Do I need to complete a tax return?

5 min | 18 December 2023

The Chase team

If you have a regular salary from one employer only you probably don't need to file a tax return. But if you earn over £100,000, or have other sources of income such as freelance work or renting out a room, or if you have any investments or capital gains, here's what you need to know.

Taxes probably aren't something you spend much time thinking about. For many of us, our income from employment is ‘taxed at source’ – meaning income tax is taken out of your pay before you receive it. Look for ‘PAYE’ which stands for 'pay as you earn' or 'income tax' on your payslip.

But what about tax returns? If you need to file one depends on several things. A good place to start is by completing HMRC’s online questionnaire (Opens in new window)

Each tax year starts on 6 April, and ends on 5 April the following year. Here are some examples that could mean you need to complete a self-assessment tax return for this tax year:

  • You’re self-employed and have earned more than £1,000
  • You have multiple sources of untaxed income (such as a side business or money from renting a room or property) that add up to more than £2,500
  • You’ve received any untaxed income of more than £2,500
  • You earn more than £100,000 a year in taxable income

But it's not just your income that might mean you need to complete a tax return – these factors could impact you too:

  • If you or your partner are claiming Child Benefit and either of you have an income above £50,000
  • If your State Pension is your only source of income but amounts to more than your personal allowance (which is currently £12,570)
  • If you need to pay Capital Gains Tax or claim capital losses on profits from selling assets such as shares or a second home
  • If you’re self-employed and earn less than £1,000, but you want to pay Class 2 National Insurance Contributions voluntarily to protect your entitlement to State Pension and certain benefits
  • If you have income from abroad or you live abroad but have an income in the UK
  • If you work as an 'off-payroll worker'

You’re an off-payroll worker (also referred to as a contractor) if you provide services to a client through an intermediary such as:

  • your own limited company
  • a partnership
  • a personal service company
  • an individual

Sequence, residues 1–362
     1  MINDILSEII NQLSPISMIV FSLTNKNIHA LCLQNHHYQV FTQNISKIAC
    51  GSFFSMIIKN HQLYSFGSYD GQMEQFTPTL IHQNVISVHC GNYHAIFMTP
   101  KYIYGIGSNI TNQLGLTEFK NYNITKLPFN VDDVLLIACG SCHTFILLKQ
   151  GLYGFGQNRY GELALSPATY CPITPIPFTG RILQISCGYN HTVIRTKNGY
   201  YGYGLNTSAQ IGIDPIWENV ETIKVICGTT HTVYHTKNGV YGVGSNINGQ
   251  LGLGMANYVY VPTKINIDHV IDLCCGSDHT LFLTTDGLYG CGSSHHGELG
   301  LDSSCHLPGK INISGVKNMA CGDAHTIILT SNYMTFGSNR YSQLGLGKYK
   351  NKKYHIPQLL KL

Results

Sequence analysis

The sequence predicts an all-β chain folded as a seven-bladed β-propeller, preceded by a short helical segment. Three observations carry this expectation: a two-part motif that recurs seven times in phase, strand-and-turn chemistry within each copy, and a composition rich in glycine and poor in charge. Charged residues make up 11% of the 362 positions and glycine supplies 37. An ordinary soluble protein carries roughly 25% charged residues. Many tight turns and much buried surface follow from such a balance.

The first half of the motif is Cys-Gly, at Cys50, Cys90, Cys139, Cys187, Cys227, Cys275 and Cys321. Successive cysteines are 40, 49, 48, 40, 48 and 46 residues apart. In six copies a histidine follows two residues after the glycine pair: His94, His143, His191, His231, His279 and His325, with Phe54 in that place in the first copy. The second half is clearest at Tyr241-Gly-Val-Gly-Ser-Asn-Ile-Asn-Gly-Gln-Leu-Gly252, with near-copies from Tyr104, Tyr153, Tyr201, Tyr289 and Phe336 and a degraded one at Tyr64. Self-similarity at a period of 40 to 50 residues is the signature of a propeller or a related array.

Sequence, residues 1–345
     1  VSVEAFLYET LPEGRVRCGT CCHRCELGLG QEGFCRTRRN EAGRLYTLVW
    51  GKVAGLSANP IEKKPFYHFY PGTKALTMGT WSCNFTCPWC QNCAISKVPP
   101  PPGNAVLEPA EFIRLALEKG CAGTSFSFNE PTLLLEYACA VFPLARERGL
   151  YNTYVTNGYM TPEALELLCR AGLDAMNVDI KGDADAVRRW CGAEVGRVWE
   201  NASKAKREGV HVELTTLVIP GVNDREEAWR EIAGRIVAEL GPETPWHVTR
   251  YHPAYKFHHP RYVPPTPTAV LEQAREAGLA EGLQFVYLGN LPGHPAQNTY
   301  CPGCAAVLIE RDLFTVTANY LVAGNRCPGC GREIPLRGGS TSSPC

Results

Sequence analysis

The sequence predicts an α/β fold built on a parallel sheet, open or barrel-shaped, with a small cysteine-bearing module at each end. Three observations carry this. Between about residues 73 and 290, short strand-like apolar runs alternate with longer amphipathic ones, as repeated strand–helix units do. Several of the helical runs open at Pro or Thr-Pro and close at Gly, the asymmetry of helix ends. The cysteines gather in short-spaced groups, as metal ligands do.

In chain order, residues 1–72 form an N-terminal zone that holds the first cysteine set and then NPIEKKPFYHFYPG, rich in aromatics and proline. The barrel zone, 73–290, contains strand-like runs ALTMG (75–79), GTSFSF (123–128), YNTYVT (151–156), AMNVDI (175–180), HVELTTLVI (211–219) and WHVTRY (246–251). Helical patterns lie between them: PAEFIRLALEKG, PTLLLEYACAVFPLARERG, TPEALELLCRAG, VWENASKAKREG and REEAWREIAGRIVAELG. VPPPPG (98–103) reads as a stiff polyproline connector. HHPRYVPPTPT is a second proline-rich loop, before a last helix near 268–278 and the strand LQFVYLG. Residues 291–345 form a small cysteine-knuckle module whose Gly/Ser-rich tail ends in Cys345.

You must file a tax return

  • If you receive interest from banks and building societies of more than £10,000
  • If you receive dividends of more than £10,000

If you had untaxed income you must tell HMRC if you had

  • more than £2,000 income from share dividends
  • between £1,000 and £2,500 in any other untaxed income, such as commission or money from renting out a property

What to do if you need to complete a tax return

The first thing you should do is register for self-assessment (Opens in new window) with HMRC. Once registered, you’ll receive your Unique Taxpayer Reference number, which you'll need to include when you complete your form. If you've registered before, you don't need to register again.

HMRC must receive your tax return by the below deadlines following the end of the income tax year to 5 April:

If you register for self-assessment but discover you don’t need to complete a tax return after all, you must contact HMRC before 31 January and let them know, to avoid any penalties.

How to make tax returns easier

There are some things you could do to make completing your tax return a bit easier – especially if you’re doing it without the help of an accountant:

  • If you're filing a tax return for the first time, register for self-assessment as soon as possible
  • Decide whether you’ll complete the form online or on paper. Online submissions give you a few more months to submit. They're easier to edit and you'll know sooner whether or not you owe any taxes
  • Keep a log of your income and expenses throughout the year. You could use a spreadsheet, app or tax-specific software to record your transactions and receipts. This should help you to calculate your taxable income and claim any deductions or reliefs you’re entitled to
  • Gather the documents or information you'll need to complete your tax return, which could include your P60, P45, bank interest income statements, dividend vouchers, rental income and expenses, capital gains and losses, pension contributions or charitable donations (including Gift Aid)
  • If you want HMRC to use your tax code to collect any tax you owe (up to £3,000) through your wages or pension, you must file your tax return online by 30 December 2023

Depending on your situation, you might find it easier to get some help from a professional to complete your tax return. But if your situation is fairly straightforward, there are resources online to help you navigate through the process.

Disclaimer: This article is for information only and does not constitute financial advice. Tax treatment depends on your individual circumstances and may be subject to change in the future. We do not offer any tax advice.

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